Review: the Stanley Cook Kit is a great fit for a go-bag

A dedicated cooking/boiling kit is one of the first things experts recommend adding to your go-bag once you’ve got the basics covered. Because a good go-bag is designed to support one person for a few days as you change locations — you’re not trying to live out of it indefinitely, nor are you trying to support an entire group with it — a complete go-bag cooking kit can and should be pretty minimalist.

After some research, I’ve put together a personal cooking kit that is inexpensive, compact, and versatile and comes in at just a little over a pound.

Considerations for cooking on the run

While bugging out on foot, keep the following considerations in mind when it comes to food:

  • Ready-to-eat food is the core of your go-bag calories. Prepared food is supplemental, for extending your calorie runway.
  • Don’t plan on sumptuous meals that require a well-stocked kitchen.
  • Any cooking will have to be done with minimalist, lightweight gear.
  • Prefer boiling to any other kind of cooking, since it’s easy and has a ton of survival uses beyond cooking (e.g. sanitation, water treatment).
  • You want easy clean-up.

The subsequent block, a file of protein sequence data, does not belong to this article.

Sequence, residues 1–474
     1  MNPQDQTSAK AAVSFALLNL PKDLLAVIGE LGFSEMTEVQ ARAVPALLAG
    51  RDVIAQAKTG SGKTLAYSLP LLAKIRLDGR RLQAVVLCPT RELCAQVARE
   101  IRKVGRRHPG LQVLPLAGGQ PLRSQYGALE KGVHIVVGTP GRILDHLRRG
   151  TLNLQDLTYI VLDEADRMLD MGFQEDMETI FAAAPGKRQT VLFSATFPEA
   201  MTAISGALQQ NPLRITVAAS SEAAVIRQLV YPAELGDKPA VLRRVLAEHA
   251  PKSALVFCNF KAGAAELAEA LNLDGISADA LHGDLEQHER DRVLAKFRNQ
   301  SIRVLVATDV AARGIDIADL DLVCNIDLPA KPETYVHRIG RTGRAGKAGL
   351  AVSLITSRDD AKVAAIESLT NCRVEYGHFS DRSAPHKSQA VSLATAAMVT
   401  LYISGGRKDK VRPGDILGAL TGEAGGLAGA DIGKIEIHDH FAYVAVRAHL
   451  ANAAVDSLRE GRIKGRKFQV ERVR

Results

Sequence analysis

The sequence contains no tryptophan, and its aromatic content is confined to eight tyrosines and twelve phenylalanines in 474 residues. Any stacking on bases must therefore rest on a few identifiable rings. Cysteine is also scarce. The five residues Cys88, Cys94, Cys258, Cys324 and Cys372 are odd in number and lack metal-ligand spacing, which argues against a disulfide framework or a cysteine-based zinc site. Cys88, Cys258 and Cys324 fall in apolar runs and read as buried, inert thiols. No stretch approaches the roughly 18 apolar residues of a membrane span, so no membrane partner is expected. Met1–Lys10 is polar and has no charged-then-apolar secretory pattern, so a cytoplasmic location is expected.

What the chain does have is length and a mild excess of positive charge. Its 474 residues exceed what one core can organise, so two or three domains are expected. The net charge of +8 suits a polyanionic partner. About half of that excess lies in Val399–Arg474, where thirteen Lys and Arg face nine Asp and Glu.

• Remember that food isn’t your highest-priority survival item. You can likely go a few days without it.

My first go-to for go-bag food is lifeboat food bars like those from Datrex and SOS. Each block lasts a few days and doesn’t require cooking. Ideally, that should be enough to get me where I need to go, and I won’t have to cook at all.

Of course, you can only eat ration blocks for so long (and they’re heavy). My personal choice for extending my time window of survival is freeze-dried meals from Mountain House. They’re lightweight, easy to cook, and easy to clean up. Simply boil water, dump it in the bag, stir it up, close it up, and let it soak. They’re not cheap, but it’s not a huge expense to keep a couple in my go-bag.

Cook kit, fire kit, Mountain House

With all my combination of ration blocks and freeze-dried food, I can realistically expect to last five days on foot — maybe up to a week.

The pot and cup

The core of the kit is the classic Stanley Adventure cook set. It’s a clever stainless steel design featuring a locking pot handle that also holds the lid in place for storage. It has graduated marks indented in the side for measuring water or other ingredients.

The kit is cheap, lightweight, and durably constructed. My only complaint is the plastic tab on the lid, which seems to inevitably melt with enough time and heat exposure, but resourceful YouTubers have found that it can be replaced with a cheap metal keyring.